Thursday, February 11, 2010

A Walk Through the Memory Palace

This is the current stop on the virtual tour of A Walk Through The Memory Palace by Pamela Johnson Parker, sponsored by Read Write Poem. The chapbook is a steamy one, full of hot weather and heat-slick slugs, sexual desire, family relationships, the body and iced tea. It teems with color and flora, and I almost wished I’d read it in summer rather than a German snowstorm. Parker is a poet obviously entranced by sound, hepped up on nature and attuned to emotion.

I went two ways on the collection. There was a lot that I enjoyed, including many images and the use of sound. I appreciated the subject matter and I admired the craftmanship, its attention to linebreaks and structure. On the other hand, there were a couple things that weren’t my cup of meat. I’ll touch on them later. And, before I go on, you should know there’s a marvelous website devoted to this book, where you can not only read the poems but also listen to the poet read. Do that.

The first striking image in the book occurs in the first poem, 78 RPM. Here, an adolescent couple, sometimes chaperoned by an aunt, are hanging out on the porch listening to music. The poem is slow, in a good way, also because it’s hot out, and there’s an audible undergurgle of teenage longing, and all the senses are engaged. Halfway through, there’s a suggestive image of the needle as it drags along the vinyl record.

“The stylus traces
Its sapphire finger

Down the record’s groove,
As he skates a single
Finger along the sun-

Bleached down of your

Not that y’all wouldn’t have gotten it, but these lines clearly evoke the vagina, like a fuzzy groove in a record, like a closed purse about to be plumbed, and BOOM! it is a very sexy poem.

My favorite poem in the book is probably Breasts, the last one. Actually, I’d usually scrunch my nose up at a poem about breasts, the poor things have been so romantized and adored and exploited for literary purposes. Parker doesn’t ignore the symbolic baggage of breasts – nurturers, sirens, cancer factories – but she handles the subject well, and in all those guises. The poem is broken into six parts - Figures A to F –each segment prefaced like a text book illustration, as in “Figure D. Table showing statistical survey of definite tendency toward the development of breast cancer among family members.”

Figure A shows a woman inspecting her breasts in a mirror. It’s an intimate shot, adoring but respectful. Very tactile, very sensual. Figure B is similar, showing a woman examining her breasts laid back in bed with the fingers circling the breast “inward like a nautilus,” an image I liked a lot.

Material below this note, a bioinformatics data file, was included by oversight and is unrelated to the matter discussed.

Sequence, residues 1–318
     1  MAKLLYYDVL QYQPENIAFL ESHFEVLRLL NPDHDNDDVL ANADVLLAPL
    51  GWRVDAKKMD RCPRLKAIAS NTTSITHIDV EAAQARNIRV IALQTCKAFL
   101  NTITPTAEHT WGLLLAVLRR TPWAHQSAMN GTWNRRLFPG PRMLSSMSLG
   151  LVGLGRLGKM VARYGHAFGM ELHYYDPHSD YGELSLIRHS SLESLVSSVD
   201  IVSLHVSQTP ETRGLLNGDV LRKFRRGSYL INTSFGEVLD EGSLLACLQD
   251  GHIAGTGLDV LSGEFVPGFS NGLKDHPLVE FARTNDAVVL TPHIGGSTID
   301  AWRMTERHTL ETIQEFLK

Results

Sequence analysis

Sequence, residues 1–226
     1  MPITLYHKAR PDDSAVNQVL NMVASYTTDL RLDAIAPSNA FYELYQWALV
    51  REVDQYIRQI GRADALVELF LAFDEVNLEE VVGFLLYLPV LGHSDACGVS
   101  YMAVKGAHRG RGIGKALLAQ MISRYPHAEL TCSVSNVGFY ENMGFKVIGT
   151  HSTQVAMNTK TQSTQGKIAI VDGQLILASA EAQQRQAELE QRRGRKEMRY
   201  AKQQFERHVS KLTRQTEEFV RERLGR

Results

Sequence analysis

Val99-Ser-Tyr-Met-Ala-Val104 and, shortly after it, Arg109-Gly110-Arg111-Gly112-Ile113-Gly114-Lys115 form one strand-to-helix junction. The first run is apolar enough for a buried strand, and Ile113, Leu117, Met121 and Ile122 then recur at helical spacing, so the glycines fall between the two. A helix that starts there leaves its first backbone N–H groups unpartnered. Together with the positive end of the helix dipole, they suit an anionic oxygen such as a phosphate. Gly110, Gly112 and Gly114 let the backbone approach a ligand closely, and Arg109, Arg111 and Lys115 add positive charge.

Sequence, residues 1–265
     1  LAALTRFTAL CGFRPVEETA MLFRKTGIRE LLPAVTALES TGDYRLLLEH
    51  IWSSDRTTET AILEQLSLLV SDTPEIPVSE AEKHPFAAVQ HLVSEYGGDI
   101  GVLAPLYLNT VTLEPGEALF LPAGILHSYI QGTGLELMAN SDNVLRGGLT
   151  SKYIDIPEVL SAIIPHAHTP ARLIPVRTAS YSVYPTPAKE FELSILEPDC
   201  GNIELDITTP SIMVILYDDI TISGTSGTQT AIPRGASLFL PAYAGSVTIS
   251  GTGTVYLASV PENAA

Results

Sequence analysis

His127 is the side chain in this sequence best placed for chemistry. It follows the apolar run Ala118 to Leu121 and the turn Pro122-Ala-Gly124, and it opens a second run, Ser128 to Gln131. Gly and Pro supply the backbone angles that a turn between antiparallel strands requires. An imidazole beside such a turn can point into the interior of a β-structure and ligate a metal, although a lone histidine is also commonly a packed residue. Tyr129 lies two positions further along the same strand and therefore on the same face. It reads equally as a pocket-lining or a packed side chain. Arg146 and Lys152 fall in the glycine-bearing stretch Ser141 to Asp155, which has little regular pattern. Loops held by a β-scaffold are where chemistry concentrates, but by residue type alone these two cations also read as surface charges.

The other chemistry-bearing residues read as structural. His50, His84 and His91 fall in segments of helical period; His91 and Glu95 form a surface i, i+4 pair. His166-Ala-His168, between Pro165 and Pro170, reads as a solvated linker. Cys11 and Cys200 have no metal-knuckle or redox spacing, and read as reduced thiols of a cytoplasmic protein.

Figure C is the absence of breast after a masectomy. The body in this segment comes across as hide, as material, a bother, a wound. The scars are like zippers and the chest is disturbingly nippleless.

Figure D harks back to childhood where a girl observes her grandmother’s wobbly breasts, and is glad to be yet undeveloped. But the tree from which she observes is “weighted down with a pearly spray of bloom,” and the child shakes the branches knowing some day she’ll “sag like gran.”

Figure E is my favorite part of the poem. The subject is the speaker’s boyfriend, a pathologist working in cancer research. I like this segment for its distance, its clinicicity and it’s humorous last line, where the boyfriend tells the speaker, “You’ve got great lungs.”

Figure F has the speaker up late nursing her daughter when she gets a call from her sister with the news the sister has breast cancer. This is the emotional apex of the poem and the book and, while it packs a punch, I would have liked it served up more subtly. As it’s written, the speaker learns of her sister’s cancer while clutching her baby to her breast... Nevertheless, I liked “Breasts.” It’s an honest poem that works like a 360 degree examination.

Parker pays close attention to sound, and, regarding structure, is an impressive craftswoman. If I have a quibble with the book, it’s that sometimes it reaches too far for me for what is traditionally considered “poetic,” for example with alliteration, such as the “feathering fronds of seafern” in the poem “Engendering.”

In the same way it brings scrolls of beautiful language, which, while pleasurable, don’t seem to serve to convey much beyond themselves. The poem “Unreal Gardens with Toads in Them” begins “Today’s listless, nothing to / enumerate — no light / in its hues of jade, and no white- / green heads of hydrangea, / no dark hearts of redbud leaves, / no celadon of the sun- / lit maples, no sea-green treefrog’s / back with each inclusion / of amber and topaz (though he’s / never seen the sea, why / not sea-green?), no silver-tipped spears of lavender now / poking up in the herbal bed —“

By that point, I wanted a reference point and lacked it. This is all, of course, a matter of personal taste. Parker’s chapbook took first place in Quarrtsiluni’s Chapbook Contest, judged by Dinty Moore. As it says in Moore’s blurb, “this poet sees through the obvious to something radiant on the other side, painting a startling portrait of an intimate world.”

All the info on this tour can be found here, including past reviews and those upcoming.

1 comment:

Kass said...

I read your favorite, Breasts, and found the clinical approach very compelling, especially the last line, "I hold you tighter to my breast."

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